Net Worth Projection – Millionaire In 12 Years?
I finally come to the point where I need to see when I can possibly expect to become a millionaire.
For all the reasons I stated above, my journey has extended three more years. On the original plan, I was meant to reach the million in ten years, on my revised plan it will be in 12 instead.
I am 35, which means that according to the revision 2 plan, I will become a millionaire at the age of 47. If I round it up, I could possibly fully retire by the age of 50, which isn’t bad. Nowadays, if you are in your 50s you are still young. Life expectancy in Europe for males is around the 80s, so we are talking about 30 years difference.
However, fully retiring has never been my main goal. I am a person who enjoys being active, I enjoy doing stuff and being productive, and I enjoy contributing my part to the world. Life on the couch is not a well-lived life. Travelling around the world sounds exciting, but I don’t think it would be a long term fulfilment experience for me.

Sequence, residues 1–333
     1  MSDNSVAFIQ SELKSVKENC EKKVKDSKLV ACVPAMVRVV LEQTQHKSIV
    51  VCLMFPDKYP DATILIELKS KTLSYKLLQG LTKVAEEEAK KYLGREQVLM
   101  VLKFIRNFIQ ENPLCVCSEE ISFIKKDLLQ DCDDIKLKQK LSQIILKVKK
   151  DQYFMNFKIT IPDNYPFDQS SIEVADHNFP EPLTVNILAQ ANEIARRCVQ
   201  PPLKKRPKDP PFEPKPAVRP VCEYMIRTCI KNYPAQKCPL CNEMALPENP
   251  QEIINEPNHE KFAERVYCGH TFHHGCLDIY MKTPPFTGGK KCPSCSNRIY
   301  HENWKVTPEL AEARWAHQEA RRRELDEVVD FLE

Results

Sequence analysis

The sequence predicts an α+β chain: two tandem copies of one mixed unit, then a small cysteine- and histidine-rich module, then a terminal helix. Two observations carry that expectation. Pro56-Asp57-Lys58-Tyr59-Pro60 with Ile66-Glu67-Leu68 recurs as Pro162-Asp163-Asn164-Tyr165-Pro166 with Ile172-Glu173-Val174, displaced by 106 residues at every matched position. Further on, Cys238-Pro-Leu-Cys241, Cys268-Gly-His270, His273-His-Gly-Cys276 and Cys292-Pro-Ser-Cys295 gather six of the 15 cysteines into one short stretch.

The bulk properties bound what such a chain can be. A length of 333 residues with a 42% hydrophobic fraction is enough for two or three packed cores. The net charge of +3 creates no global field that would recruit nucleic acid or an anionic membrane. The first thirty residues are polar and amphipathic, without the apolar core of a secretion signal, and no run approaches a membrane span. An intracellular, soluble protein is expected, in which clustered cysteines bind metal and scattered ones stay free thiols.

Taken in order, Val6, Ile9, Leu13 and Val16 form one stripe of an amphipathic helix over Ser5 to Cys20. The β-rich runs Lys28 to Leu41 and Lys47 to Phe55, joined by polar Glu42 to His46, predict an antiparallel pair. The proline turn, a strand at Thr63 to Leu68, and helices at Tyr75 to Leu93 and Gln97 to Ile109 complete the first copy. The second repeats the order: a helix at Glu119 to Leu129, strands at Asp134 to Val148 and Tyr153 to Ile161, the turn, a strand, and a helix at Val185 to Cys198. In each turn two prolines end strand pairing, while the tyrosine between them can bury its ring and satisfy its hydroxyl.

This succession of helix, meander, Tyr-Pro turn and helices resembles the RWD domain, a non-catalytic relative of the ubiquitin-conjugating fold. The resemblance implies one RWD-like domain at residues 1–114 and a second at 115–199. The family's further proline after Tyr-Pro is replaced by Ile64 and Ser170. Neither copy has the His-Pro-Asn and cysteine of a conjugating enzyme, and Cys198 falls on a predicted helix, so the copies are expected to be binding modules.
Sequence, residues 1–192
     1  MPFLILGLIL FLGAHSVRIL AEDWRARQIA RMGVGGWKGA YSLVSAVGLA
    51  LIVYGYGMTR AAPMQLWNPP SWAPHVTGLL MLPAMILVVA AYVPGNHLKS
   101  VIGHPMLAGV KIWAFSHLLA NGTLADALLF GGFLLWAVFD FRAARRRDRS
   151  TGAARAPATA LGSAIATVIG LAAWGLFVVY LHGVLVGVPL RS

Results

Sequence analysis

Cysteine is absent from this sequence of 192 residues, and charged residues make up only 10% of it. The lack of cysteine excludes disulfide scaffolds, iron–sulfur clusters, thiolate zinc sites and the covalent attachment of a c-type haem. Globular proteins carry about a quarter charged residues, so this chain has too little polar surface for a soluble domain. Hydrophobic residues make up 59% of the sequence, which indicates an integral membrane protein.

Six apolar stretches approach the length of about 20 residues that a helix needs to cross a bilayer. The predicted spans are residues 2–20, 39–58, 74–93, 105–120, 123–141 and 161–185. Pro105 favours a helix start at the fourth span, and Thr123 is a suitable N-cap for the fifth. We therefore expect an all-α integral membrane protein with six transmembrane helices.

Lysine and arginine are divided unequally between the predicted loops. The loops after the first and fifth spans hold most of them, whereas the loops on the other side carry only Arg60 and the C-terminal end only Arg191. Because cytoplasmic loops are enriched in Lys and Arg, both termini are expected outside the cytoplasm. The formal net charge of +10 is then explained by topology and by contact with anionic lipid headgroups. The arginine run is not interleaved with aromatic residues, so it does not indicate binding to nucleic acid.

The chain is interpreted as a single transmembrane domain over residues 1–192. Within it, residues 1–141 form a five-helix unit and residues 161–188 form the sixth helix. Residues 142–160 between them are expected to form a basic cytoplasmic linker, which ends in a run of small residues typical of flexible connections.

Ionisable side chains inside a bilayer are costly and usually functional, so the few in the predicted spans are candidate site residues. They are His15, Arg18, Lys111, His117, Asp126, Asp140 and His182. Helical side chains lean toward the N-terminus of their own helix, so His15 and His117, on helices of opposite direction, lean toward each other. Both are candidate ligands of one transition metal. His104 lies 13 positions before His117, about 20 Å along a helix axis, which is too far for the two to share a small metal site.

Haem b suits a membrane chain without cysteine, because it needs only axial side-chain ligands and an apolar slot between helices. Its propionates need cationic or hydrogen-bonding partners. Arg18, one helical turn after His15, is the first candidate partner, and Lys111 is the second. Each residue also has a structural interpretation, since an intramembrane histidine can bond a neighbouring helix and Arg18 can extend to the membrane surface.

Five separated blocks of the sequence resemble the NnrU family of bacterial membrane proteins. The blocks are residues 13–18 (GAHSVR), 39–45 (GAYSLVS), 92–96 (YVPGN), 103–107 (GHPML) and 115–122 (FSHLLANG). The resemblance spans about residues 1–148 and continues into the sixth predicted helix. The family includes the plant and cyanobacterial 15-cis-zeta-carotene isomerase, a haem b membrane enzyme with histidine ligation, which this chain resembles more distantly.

Life is about meaning and I can only accomplish that by doing.
As an ending shot, this is how the revised plan for year 1 look like:
Comments, suggestions or questions welcome.